3. In addition to daily interactions, seek ways to enter their world.
Some things our group has done includes:
a. Staffing morning/intern report
b. Create a group that meets with residents and the chief residents to mediate and discuss issues between groups.  Use the time to find mutual areas where both sides could benefit (problems with getting an MRI, engaging the ED to cooperate in patient admissions etc)
c. Invite residents to participate in quality improvement projects
d. Engage around codes (if your group participates) and perhaps seek to develop group training

The last comment I wanted to make: this is one of the key steps to building our general success in the academic world.  We need sharp and committed physicians who will ultimately provide excellent clinical care and commit themselves to research.  What is right is often also healthy, and in this case, the healthy growth of our field is paired inextricably with shaping young men and women into excellent and caring physicians.

2 Comments

  1. Jairy Hunter on April 2, 2009 at 9:21 pm

    It’s very difficult to assume the role of The Professional…to exude that confidence and (gravitas?) that one is expected to possess the day we finish residency. I suppose that’s why we adopt mentors and others we try to emulate. Physicians are always among the “most respected” professions, whatever that means, and people expect (and, I guess, deserve) a certain level of comportment. I’ve never been comfortable seeing friends, former bosses, or teachers (even my high school principal!) as patients, but on the other hand I guess I’m gratified that they would trust me enough.

    It’s also funny how that wall seems to come down a bit once you leave “campus” so to speak, and now that we’re in the Club, we’re treated differently by other physicians.

    I had an experience a couple of years out of residency, when I was practicing outpatient family medicine that opened my eyes to the changing world of even academic medicine. My nurse pulled me out of a room to answer another physician’s phone call, presumably about a patient.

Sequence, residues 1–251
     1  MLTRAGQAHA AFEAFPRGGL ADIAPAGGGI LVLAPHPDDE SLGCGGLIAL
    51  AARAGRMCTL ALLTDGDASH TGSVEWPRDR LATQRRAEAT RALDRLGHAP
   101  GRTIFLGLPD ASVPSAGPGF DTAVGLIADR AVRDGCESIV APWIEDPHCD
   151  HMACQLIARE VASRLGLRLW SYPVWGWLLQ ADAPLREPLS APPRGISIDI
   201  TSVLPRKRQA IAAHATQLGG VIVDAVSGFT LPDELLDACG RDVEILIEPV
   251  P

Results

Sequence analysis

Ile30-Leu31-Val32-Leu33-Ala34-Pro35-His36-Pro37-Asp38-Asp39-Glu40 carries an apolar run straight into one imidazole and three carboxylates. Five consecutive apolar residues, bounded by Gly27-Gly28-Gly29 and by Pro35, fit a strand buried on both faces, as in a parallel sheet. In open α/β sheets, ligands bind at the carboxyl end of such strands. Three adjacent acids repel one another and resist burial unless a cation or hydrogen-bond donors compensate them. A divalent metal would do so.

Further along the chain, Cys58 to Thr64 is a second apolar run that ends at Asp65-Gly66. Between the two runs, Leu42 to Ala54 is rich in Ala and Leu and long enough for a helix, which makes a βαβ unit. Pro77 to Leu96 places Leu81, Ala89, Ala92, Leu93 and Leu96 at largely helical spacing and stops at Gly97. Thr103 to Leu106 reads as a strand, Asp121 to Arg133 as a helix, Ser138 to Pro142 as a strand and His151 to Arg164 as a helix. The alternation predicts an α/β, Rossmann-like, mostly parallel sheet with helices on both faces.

It went like this:
    “Jairy this is Fred.”
    “Fred….?” (as if I’m supposed to know).
    “Crawford.”
    It was the Chief of Cardiothoracic Surgery from my medical school about 5 years before, the mere mention of whose name struck fear into the hearts of legions of residents, not to mention medical students. I’m not sure any medical students ever even saw him, much less talked to him. Needless to say, he was quite polite and gave me what I’m sure was an excellent update on a patient we shared. But I’m sure I didn’t hear a word. He understood the importance of establishing and cultivating the primary care relationships in the changing economic climate of academic medicine as competitor hospitals were fighting for the slightest edge even 10 years ago.
    My nurse came to get me as I stood for several moments after hanging up, my mouth agape…
    “Who was that?” she asked, incredulous. “You look like you’ve seen a ghost.”
    “I just had a real live conversation with…,” then I thought for a second. I felt so so silly, to have been awestruck by another doctor.
    “Nevermind. You wouldn’t understand.”

  2. Robert Chang on April 3, 2009 at 8:42 am

    Jairy,

    Thanks for sharing your story. It really marks that transitional moment of being on the outside looking in and having the door open. It is interesting that the way we lead our residents is this sudden opening of doors, this bright light that opens at the end of this long tunnel. I would say that it is rare that a new attending would feel completely confident in his clinical skills (and that confidence would like be misplaced), but the confidence that we can instill in residents in joining the Club is part of re-defining what an attending is. That redefinition is part of what will help residents view hospital medicine not as an extended residency, but a much more natural transition.